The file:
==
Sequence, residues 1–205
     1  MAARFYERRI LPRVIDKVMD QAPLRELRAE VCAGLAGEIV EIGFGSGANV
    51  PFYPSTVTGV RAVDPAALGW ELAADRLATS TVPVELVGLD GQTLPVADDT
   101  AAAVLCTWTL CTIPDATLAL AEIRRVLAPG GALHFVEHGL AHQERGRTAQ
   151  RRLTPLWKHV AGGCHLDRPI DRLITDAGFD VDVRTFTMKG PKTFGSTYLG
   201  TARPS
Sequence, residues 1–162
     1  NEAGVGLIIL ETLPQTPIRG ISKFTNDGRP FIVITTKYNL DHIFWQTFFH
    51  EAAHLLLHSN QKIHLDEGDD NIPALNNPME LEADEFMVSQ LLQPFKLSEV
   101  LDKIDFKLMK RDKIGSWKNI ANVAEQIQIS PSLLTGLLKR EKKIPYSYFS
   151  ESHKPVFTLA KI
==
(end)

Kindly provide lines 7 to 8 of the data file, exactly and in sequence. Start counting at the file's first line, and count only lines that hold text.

Sequence, residues 1–162
     1  NEAGVGLIIL ETLPQTPIRG ISKFTNDGRP FIVITTKYNL DHIFWQTFFH